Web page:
Stemming from an incident that took place over Thanksgiving, a Tennessee man has been nailed with a hefty fine for violating the state’s newly-instituted legislation surrounding illegally killing big game animals.
After spotting a large, eleven point whitetail in a hayfield across the road from his home, 63-year-old Clarence Robertson retrieved his rifle and shot the animal while standing in his driveway. The New Market resident then drove his truck into the field, which he did not have permission to hunt or trespass on, to retrieve the animal.
Earlier this week, Robertson was in court and subsequently pleaded guilty to shooting the deer across a public road and on a property he did not have permission to hunt. His plea immediately made him subject to recently passed legislation in the state of Tennessee that increased financial penalties for those in violation of wildlife laws.
The legislation in TC 70-4-116 gives judges the power to impose enhanced restitution fees for either illegally killed or illegally possessed trophy-size deer. The financial burden to the accused is directly correlated to the size of the animal’s antlers, specifically, the number of points it adorns atop its head.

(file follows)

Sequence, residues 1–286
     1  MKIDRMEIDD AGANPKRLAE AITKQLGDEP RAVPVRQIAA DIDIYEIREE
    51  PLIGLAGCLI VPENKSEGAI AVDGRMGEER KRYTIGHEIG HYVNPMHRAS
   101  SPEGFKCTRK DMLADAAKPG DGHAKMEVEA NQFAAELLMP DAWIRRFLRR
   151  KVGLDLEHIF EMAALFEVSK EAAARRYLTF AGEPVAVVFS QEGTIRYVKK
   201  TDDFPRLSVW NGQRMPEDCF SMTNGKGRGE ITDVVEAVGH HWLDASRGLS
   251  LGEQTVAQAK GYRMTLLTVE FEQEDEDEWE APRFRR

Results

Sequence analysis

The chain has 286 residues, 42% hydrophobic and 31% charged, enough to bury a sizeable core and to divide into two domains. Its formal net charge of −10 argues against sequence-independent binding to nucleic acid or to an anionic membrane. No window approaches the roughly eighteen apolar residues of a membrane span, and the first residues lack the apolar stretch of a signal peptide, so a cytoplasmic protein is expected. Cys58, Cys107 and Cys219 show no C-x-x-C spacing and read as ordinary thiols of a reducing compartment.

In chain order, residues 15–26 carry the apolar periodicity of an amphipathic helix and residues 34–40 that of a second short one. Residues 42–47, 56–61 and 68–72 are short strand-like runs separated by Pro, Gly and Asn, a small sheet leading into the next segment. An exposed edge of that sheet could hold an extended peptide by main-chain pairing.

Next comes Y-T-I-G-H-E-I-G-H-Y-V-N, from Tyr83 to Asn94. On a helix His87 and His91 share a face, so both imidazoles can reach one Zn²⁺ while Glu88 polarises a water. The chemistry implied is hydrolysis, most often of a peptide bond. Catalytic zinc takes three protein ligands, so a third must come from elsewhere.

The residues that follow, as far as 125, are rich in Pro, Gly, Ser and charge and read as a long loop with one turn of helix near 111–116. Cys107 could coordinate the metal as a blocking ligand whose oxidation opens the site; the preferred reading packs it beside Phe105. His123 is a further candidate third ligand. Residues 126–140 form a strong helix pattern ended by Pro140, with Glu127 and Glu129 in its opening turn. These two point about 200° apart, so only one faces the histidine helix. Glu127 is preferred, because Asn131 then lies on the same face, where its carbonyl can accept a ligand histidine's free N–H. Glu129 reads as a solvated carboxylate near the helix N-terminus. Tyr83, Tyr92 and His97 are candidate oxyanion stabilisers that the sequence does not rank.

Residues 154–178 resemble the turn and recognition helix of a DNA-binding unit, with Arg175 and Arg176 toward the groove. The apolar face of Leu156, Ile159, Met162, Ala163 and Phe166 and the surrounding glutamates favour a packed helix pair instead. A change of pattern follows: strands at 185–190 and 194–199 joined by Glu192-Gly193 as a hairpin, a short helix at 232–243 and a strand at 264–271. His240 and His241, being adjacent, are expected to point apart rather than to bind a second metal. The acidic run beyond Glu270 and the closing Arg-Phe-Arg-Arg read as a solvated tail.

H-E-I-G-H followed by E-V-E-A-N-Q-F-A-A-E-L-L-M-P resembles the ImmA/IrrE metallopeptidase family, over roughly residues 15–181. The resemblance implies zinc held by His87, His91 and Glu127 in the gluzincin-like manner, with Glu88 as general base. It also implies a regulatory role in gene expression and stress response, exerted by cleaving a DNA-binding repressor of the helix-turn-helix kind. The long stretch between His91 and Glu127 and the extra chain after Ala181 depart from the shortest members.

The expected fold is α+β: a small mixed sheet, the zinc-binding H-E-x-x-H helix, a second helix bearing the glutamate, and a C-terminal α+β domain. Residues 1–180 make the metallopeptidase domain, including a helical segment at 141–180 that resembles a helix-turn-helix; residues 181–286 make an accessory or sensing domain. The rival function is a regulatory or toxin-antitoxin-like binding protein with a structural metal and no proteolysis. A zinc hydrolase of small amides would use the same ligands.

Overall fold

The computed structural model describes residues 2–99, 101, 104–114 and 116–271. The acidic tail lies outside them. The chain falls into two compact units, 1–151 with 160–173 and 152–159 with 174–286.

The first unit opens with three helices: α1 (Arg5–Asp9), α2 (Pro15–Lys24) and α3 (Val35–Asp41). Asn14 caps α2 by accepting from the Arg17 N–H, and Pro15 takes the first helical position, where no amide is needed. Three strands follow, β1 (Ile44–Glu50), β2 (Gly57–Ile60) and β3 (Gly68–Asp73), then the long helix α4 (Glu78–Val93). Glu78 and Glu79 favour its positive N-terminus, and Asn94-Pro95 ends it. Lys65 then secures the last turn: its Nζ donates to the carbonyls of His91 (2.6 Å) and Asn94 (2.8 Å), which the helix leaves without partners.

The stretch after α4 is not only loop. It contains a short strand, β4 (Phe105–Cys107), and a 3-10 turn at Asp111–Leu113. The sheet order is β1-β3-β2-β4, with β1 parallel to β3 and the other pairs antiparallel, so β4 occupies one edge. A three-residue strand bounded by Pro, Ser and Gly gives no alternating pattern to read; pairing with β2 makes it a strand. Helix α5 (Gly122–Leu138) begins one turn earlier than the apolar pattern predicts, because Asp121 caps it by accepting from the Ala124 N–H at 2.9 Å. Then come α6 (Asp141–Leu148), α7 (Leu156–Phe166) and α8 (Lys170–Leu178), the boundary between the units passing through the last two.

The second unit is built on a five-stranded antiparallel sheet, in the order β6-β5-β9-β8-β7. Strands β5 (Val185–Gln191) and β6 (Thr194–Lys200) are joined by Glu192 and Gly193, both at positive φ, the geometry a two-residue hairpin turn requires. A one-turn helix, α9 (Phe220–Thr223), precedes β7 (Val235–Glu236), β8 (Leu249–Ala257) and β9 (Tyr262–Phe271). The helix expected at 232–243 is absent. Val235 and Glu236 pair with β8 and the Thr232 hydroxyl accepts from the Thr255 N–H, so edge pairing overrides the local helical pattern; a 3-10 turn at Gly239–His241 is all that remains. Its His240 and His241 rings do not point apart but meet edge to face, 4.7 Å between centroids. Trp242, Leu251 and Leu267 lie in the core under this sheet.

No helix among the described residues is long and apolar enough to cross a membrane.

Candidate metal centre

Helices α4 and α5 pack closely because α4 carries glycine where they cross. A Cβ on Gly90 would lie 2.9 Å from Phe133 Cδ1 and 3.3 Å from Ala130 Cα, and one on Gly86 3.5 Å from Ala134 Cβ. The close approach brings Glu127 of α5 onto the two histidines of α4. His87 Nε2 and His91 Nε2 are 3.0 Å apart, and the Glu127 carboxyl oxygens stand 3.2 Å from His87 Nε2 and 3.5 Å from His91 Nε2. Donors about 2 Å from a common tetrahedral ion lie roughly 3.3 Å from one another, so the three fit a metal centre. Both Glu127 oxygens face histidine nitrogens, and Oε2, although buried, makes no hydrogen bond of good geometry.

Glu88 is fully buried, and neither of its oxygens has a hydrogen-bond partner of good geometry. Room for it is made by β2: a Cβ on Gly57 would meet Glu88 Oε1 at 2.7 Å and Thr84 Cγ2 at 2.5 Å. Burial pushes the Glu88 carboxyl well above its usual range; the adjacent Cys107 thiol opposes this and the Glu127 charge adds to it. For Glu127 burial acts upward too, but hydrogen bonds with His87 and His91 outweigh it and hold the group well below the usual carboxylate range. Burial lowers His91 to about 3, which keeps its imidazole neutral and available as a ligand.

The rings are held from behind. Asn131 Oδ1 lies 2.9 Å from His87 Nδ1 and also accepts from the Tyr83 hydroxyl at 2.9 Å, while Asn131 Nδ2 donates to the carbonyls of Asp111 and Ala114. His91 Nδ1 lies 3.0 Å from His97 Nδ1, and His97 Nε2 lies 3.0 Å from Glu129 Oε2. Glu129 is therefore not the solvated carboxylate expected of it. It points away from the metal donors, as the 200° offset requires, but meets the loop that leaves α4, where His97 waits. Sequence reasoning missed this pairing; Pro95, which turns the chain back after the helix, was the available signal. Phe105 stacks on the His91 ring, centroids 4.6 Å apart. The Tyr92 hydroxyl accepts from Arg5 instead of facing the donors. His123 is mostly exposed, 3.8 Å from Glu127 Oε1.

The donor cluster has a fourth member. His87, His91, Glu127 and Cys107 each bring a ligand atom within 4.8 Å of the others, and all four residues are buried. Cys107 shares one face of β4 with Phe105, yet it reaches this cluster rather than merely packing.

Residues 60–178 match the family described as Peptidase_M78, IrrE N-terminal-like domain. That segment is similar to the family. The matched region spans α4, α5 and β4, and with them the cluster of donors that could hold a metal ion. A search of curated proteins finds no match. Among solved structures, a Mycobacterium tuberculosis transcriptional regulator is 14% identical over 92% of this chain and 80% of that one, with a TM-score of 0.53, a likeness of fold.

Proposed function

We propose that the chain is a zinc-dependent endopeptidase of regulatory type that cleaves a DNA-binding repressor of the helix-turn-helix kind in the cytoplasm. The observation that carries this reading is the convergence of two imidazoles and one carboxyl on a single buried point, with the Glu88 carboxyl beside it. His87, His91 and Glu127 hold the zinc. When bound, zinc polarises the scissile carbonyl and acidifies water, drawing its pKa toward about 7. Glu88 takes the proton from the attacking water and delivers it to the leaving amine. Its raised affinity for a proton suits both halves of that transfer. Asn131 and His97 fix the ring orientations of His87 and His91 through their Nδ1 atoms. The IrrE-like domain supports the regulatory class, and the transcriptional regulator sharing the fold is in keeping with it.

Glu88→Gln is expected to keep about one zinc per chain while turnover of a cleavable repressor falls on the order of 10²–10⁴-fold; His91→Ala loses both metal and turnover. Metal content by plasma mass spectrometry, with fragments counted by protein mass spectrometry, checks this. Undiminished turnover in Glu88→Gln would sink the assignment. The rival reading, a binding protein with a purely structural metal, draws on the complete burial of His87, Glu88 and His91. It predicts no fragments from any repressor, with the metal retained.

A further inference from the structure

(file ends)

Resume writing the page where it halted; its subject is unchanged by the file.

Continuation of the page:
The amended legislation dictates that for whitetail deer sporting between eight and ten antler points the fine is set to $1,000 per animal plus an added $500 for each point. For deer with eleven points or more, the base fine remains constant at $1,000 per animal, but the per point fine climbs to $750 per point.
Following the legislation, the judge in Tuesday’s case imposed a $50 fine plus $269 in court costs and paired those costs with an assessed restitution of $9,250 for the trophy animal. Robertson’s hunting privileges are revoked until all fines and restitution costs have been paid, but the rifle he used to kill the animal was returned to the defendant.
After the animal was seized by Officer Wayne Rich, Tennessee Wildlife Resources Agency wildlife biologist Sterling Daniels measured the antlers giving it a gross score of 143 6/8 inches, leaving little doubt that this was a trophy whitetail.
“It is probably the biggest buck I’ve ever seen in Jefferson County,” Officer Rich said.
The Jefferson County High School FFA Hunters for the Hungry Club paid for the deer to be processed and donated the meat to charity. The hide and antlers were returned to the property owner where the deer was killed.